run afoul of due process) until presented with an actual claim for an injury that is caused by Old Chrysler, that occurs after the Sale, and that is cognizable under state successor liability law. 24 The Trend Taken to New Limits In re PBBPC, 484 B.R. 860 (1st Cir. BAP 2013) (asset purchaser not subject to debtor's experience rating used to calculate purchaser's future unemployment insurance tax rates for its own operations because rating was an interest," of which debtor's

assets could be sold free and clear). In re Tougher Industries, 2013 Bankr. LEXIS 1228 (Bankr. N.D.N.Y. 2013) (same). 25 Pushing Back: A Narrower Reading In re Grumman Olson, 467 B.R. 694, 702-703 (S.D.N.Y. 2012) ("free and clear" sale order did not prevent plaintiffs from pursuing successor liability tort claims against 363 asset purchaser, based on post-petition injuries suffered while driving a truck made prepetition because enforcing the order would deny plaintiffs due process)

26 A Narrower Reading of 363(f) Folger Adam Security, Inc. v. DeMatteis, 209 F.3d 252, 258 (3d Cir. 2000) (affirmative defenses of setoff/recoupment are not interests in property from which assets were sold free and clear) In re Fairchild Aircraft , 184 B.R. 910, 917-19 (Bankr. W. D. Tex. 1995) vacated on other grounds, 220 B.R. 909 (Bankr. W.D. Tex. 1998) (tort action based on post confirmation injuries caused by defective plane manufactured prior to bankruptcy was not barred against asset purchaser because such an action was not an interest in the assets sold; claims are not interests in the

property; only in rem rights are covered). 27 A Narrower Reading of 363(f) Ninth Avenue Remedial Group v. AllisChalmers Corp., 195 B.R.716, 730-34 (N.D. Ind. 1996) (363 applies to in rem interests in property and not CERCLA cause of action that had not arisen during the pendency of the bankruptcy; approval of asset sale free and clear does not affect or discharge environmental claims brought later against the purchaser under successor liability theory). 28

A Narrower Reading of 363(f) Zerand-Bernal v. Cox, 23 F.3d 159, 162- 64 (7th Cir. 1994) (363(f) does not bar products liability action against asset purchaser because such an action was not an effort to enforce a lien from which assets were free and clear; bankruptcy court does not have power to order such a release of liability for the successor if its exists). In re Wolverine Radio, 930 F.2d 1132, 1147 (6th Cir. 1991), ("interest" under 363 is one that attaches "to the property so as to cloud its title." thus, debtor's past experience rating was not an "interest").

29 A Narrower Reading of 363(f); Tax-Related Interests Excluded from 363(f)s Reach In re Eveleth Mines, 318 B.R. 682 (BAP 8th Cir. 2004) (under Tax Injunction Act bankruptcy court must abstain when State-law tax issues are raised in motion to enforce 363 sale order free and clear of tax calculation; reversing on jurisdictional grounds bankruptcy courts underlying rejection of Leckie and TWA, and holding that State tax action against the 363 purchaser of a debtors mine was not barred by sale because tax calculation was not an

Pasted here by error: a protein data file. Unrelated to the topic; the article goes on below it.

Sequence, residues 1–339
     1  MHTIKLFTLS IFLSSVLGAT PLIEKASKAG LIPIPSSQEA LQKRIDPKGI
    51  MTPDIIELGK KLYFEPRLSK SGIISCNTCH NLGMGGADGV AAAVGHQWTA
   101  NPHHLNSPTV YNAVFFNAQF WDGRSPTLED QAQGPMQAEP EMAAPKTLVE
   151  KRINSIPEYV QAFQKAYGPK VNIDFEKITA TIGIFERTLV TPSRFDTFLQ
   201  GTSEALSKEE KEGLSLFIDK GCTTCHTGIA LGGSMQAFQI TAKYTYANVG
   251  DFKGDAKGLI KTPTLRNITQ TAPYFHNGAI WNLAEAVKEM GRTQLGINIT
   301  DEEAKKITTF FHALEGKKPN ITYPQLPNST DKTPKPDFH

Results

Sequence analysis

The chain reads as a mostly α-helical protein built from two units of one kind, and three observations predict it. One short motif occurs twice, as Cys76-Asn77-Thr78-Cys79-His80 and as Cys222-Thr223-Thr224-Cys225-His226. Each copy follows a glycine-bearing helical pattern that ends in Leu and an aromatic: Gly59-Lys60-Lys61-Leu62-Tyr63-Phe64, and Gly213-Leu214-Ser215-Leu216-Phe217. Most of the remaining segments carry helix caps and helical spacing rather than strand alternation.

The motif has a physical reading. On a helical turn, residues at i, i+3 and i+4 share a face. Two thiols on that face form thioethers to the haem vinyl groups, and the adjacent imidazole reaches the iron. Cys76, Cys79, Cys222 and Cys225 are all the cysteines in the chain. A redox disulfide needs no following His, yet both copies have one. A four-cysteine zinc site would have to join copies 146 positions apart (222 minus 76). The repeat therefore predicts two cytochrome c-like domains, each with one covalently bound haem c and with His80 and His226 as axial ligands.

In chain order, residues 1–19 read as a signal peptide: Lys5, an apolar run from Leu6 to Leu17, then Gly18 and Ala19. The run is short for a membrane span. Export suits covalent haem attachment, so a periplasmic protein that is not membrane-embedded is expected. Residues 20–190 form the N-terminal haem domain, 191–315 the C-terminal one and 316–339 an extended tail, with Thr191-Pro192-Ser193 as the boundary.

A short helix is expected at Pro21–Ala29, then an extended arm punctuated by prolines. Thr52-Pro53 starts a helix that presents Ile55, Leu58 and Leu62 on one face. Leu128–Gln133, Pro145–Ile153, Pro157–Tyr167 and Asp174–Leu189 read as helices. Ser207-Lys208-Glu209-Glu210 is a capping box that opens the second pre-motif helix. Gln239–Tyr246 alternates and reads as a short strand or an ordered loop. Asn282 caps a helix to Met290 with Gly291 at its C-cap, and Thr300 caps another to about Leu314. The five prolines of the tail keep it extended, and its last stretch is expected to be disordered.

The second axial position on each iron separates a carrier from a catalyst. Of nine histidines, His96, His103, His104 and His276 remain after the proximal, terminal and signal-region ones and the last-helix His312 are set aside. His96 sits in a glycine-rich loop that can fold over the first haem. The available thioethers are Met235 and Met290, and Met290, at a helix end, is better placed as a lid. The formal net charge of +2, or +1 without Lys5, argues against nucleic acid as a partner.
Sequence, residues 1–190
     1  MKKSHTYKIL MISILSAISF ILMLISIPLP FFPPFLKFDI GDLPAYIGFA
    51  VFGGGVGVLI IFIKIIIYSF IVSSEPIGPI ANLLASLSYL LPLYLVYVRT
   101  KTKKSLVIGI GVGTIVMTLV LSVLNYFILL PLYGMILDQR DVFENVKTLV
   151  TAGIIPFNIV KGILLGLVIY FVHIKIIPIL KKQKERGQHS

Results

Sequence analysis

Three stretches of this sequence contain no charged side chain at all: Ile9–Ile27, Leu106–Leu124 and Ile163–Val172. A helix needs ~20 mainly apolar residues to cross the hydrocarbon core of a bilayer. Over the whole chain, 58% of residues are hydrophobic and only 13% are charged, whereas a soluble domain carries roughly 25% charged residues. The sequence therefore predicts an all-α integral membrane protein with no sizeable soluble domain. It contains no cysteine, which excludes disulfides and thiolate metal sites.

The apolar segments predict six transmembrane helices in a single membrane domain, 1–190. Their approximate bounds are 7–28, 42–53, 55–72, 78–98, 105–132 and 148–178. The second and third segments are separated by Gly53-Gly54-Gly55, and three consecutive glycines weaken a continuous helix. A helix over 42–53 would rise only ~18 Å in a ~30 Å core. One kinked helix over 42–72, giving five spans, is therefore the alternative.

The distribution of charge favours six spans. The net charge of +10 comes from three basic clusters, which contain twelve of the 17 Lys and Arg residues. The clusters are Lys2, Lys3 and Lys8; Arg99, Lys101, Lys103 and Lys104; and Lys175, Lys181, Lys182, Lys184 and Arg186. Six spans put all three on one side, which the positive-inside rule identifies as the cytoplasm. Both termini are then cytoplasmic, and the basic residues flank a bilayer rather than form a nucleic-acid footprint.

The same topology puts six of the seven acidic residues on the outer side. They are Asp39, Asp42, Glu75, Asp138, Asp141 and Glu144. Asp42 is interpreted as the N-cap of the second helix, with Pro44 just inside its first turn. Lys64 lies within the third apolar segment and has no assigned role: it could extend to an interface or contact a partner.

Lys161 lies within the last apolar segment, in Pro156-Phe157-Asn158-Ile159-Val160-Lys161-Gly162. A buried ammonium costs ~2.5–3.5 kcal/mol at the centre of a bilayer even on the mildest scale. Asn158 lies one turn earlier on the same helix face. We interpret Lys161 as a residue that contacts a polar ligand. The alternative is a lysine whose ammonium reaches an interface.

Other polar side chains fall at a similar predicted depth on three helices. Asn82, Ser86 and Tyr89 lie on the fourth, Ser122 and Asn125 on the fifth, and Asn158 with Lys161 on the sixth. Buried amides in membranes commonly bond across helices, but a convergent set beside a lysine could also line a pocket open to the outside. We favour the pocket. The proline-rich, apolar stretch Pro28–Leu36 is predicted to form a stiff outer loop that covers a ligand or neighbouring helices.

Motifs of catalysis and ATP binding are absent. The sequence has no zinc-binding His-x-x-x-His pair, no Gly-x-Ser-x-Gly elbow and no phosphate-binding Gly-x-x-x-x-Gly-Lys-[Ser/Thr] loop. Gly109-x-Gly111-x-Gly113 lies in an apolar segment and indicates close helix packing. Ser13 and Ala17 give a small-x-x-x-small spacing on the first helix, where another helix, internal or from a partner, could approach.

interest in the property sold). . 30 Defining Interest in Such Property The word in [such property ] means something. 363 sales historically affected only in rem interests, such as UCC and other liens, mortgages, judgments and other classic real or personal property encumbrances that created direct rights in the assets being sold. See Collier 14th Ed. (1978). 363s original purpose was to make the assets marketable and the estate more easily administered, while protecting those secured interests, which attached to the sale

proceeds. The sale merely transferred an interest holders rights against a tangible asset into rights against the sale proceeds. 31 Defining Interest in Such Property? The definition of a property interest is governed by State real property laws and the UCC, which construe it as a compensable right or security interest in real or personal property, carrying with it the right of enforcement (e.g., by foreclosure) against the property in which the holder has a direct interest. The Supreme Court, citing Blacks LD, says the commonly

understood definition of a property interest is a legal share in something; all or part of a legal or equitable claim to or a right in property. Schwab v. Reilly, 560 U.S. 770 (2010). 32 Defining Interest in Such Property: Statutory Construction The maxim noscitur a sociis, that a word is known by the company it keeps, while not an inescapable rule, is often wisely applied where a word is capable of many meanings in order to avoid the giving of unintended breadth to

Acts of Congress. Jarecki v. G.D. Searle & Co., 367 U.S. 303, 307 (1961) 33 Defining Interest in Property: 363s Language 363 uses a variety of words (i.e., the company being kept) in discussing property interests - all have an in rem connotation : (1) security interest (2) liens (3) encumbrances,

(4) vested or contingent right in the nature of dower or curtsey (5) undivided interest as a tenant in common, joint tenant, or tenant by the entirety (6) co-owner 34 The Problem: Expansive Reading of 363(f) Proposed Solution: Amend 363 to: (1) Clarify that interest in property means only direct in rem interests (liens, security interests, encumbrances, ownership interests) in the assets being sold for which the